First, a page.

Ruth Lilly, the 87-year-old, ailing, billionaire heiress, the last surviving great-grandchild of the founder of Indianapolis-based pharmaceutical giant Eli Lilly, plans to donate more than $100,000,000 to Editor Joe Parisi's Poetry Magazine--no strings attached.
Nope, that's not a Letter eX typo, folks, we're talking one-hundred-million smackeroos, to be divvied out at a rate of millions per year, to a well known but small and (up until now) financially strapped, four person publication, which is presently published out of a cramped space in a library, the same poetry magazine which sent hand written notes rejecting the poetry of Ruth Lilly for over thirty years.
Editor Joe Parisi says Lilly's poetry is "good," but did not "meet the standards" of the monthly which is known for publishing such poets as William Butler Yeats and Dylan Thomas. However, "Ruth Lilly has ensured our existence into perpetuity," Parisi also said. Lilly's lawyer says she doesn't take rejection personally, and that she is a loyal fan of Chicago's "Poetry Magazine."
The magazine's publisher says the money will be used to increase educational programs, expand grants and fellowships and devise seminars for teachers.
For more about what Ruth Lilly has done to help the cause of poetry in Chicago, Click Here. (Photo of Ruth Lilly thanks to Associated Press.)
The Poetry Foundation of Chicago, a major benefactor of the Ruth Lilly billion dollar estate, is demanding that a jury decide whether National City Bank of Indiana should be held responsible for mismanaging a trust fund which has gone down in value 35 percent in one year, costing the poetry organization an estimated $50 million. The Poetry Foundation claims the bank failed to properly administer the trust and that they should have immediately diversified the trust by selling the millions of shares of Eli Lilly and Company stock that were used to fund it. The Poetry Foundation alleges the bank failed to spread the risk and held on almost exclusively to Lilly stock as its value sank. When the trust was created, Lilly stock was selling for about $75 a share. But when the bank finally sold it in the fall of 2002, the price was about $48 a share. For more than 20 years, Ruth Lilly (the 87 year old great-granddaughter of Eli Lilly, heiress to the Lilly pharmaceutical fortune) has been under a court-ordered guardianship, incapable of managing her own financial affairs. The court-appointed guardian (National City Bank, then called Merchants National Bank) has managed Lilly's estimated $1 billion estate since 1981. This is not the first time the bank's handling of Lilly's money has been at issue. In 1998, there were allegations of questionable spending practices, involving hundreds of thousands of dollars used for political contributions as well as lavish trips for huge entourages of Lilly's employees and their families. These allegations prompted an independent review by the court. National City made a public admission of lax oversight in the case and agreed to forego half a million dollars in management fees. Since then, Lilly's estate has reportedly paid National City Bank and its lawyers more than $300,000 in management fees just to cover the first six months of 2002. However well paid, the bank still claims it is not negligent in the Poetry Foundation case.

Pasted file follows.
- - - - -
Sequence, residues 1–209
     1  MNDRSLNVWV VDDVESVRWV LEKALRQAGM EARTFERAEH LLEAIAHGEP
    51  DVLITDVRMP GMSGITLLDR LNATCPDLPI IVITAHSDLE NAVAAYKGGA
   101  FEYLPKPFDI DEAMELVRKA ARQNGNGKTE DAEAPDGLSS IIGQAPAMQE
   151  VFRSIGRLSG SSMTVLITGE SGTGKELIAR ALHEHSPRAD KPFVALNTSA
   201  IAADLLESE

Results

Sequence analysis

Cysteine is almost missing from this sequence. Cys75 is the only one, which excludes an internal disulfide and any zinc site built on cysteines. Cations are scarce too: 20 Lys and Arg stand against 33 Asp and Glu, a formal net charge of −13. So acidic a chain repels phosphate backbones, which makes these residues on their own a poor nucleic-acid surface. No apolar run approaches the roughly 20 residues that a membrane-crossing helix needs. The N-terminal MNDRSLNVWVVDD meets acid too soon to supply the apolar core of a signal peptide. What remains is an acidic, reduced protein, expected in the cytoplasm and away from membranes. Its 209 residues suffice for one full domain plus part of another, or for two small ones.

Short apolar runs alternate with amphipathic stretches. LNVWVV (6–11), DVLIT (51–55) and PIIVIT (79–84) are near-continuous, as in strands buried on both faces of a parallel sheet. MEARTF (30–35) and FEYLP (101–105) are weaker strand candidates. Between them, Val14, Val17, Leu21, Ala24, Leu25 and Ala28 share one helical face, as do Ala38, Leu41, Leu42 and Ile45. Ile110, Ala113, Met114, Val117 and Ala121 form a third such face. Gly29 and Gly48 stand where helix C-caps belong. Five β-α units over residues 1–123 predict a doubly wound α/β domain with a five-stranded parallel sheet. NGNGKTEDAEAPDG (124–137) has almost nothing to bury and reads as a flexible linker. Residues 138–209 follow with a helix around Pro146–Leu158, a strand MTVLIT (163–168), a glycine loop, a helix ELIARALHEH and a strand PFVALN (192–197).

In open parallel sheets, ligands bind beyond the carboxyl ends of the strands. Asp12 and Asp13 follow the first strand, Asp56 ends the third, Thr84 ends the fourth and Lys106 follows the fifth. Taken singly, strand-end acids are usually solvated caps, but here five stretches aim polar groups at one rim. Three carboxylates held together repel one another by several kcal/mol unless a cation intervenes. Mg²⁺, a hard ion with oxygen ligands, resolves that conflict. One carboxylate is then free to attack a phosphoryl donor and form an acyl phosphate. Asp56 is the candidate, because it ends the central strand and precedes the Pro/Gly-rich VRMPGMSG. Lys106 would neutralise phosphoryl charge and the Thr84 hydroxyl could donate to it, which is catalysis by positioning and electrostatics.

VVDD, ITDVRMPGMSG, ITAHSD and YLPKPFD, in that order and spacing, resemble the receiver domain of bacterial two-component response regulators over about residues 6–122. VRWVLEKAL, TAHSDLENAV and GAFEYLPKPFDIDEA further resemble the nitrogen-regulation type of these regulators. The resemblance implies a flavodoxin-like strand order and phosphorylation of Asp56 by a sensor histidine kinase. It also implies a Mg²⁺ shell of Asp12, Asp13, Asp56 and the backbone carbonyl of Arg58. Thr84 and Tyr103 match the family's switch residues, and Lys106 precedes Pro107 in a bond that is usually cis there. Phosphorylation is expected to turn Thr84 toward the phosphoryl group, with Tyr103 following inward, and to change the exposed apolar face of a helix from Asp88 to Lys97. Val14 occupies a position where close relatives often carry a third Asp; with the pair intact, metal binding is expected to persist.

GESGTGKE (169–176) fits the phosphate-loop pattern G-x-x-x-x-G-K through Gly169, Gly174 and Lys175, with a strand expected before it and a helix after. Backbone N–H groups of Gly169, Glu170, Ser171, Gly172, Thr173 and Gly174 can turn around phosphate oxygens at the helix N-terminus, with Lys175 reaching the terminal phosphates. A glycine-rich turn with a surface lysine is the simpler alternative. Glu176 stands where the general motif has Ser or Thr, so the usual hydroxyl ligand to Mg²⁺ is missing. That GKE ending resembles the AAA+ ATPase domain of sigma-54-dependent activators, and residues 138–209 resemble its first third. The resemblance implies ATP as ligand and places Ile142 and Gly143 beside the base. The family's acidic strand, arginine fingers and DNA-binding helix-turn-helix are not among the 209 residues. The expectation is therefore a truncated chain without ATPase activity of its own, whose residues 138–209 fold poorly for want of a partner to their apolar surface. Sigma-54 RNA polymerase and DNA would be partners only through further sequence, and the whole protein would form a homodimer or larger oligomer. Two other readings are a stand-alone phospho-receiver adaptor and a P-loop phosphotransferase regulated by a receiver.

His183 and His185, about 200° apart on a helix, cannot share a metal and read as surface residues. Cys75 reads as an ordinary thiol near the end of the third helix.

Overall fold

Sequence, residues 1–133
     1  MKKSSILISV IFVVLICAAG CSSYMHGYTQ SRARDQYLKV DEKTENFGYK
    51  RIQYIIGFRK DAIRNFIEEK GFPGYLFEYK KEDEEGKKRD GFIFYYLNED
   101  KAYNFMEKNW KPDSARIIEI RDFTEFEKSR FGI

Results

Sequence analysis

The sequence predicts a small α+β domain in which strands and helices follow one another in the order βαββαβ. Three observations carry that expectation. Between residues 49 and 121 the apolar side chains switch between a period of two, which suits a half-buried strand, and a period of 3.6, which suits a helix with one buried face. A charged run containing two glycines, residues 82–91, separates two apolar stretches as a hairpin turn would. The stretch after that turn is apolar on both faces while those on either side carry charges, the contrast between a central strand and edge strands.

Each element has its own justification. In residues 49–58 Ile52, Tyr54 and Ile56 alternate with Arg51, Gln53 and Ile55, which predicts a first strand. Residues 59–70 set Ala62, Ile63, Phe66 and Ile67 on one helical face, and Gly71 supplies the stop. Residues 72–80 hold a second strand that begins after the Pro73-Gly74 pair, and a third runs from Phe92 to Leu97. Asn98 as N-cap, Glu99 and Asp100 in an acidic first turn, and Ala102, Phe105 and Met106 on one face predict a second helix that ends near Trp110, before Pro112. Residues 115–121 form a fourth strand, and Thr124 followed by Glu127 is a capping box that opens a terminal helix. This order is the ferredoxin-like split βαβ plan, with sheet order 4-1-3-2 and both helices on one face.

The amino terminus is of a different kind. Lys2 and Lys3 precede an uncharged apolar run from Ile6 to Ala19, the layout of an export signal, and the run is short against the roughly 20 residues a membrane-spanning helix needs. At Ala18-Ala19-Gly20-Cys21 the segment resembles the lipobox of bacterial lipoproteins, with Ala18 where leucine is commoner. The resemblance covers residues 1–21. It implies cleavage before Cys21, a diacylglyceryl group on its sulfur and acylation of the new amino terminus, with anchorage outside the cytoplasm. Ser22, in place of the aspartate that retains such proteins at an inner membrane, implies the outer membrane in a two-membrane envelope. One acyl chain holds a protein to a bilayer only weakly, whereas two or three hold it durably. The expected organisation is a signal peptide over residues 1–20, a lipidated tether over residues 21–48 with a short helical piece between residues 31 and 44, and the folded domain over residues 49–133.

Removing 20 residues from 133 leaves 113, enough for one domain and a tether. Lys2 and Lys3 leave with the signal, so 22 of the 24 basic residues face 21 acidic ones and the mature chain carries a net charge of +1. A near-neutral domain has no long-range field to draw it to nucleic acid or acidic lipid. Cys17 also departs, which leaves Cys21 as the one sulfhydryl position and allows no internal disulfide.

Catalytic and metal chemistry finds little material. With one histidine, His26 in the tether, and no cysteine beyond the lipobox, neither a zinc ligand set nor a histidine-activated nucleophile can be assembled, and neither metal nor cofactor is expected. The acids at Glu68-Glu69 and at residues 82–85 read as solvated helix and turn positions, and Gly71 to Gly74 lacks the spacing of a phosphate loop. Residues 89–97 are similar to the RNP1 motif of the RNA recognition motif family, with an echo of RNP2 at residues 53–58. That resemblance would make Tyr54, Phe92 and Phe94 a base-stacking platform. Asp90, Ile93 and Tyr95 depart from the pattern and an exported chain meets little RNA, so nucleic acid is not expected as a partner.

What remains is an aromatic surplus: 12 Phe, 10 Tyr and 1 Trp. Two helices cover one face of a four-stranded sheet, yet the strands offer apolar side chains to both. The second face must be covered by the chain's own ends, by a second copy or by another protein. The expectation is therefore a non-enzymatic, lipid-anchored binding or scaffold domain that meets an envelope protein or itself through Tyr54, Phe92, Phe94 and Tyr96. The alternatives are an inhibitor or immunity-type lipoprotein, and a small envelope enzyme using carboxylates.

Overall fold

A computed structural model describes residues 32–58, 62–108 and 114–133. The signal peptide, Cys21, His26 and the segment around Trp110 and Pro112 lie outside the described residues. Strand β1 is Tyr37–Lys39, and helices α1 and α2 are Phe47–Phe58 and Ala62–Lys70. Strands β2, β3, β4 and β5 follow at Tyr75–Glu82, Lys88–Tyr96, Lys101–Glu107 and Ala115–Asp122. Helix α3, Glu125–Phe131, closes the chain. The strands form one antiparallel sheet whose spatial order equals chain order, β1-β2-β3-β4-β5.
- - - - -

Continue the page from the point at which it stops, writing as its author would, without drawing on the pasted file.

A Wall Street dynamo and the author of book-length poems, who has never been published in Poetry Magazine, has been selected for the position of President of the newly formed Poetry Foundation. John W. Barr of New York City will use his expertise to help manage the estimated $50,000,000 to $100,000,000, which was given by pharmaceutical heiress Ruth Lily to what was then known as the Modern Poetry Association.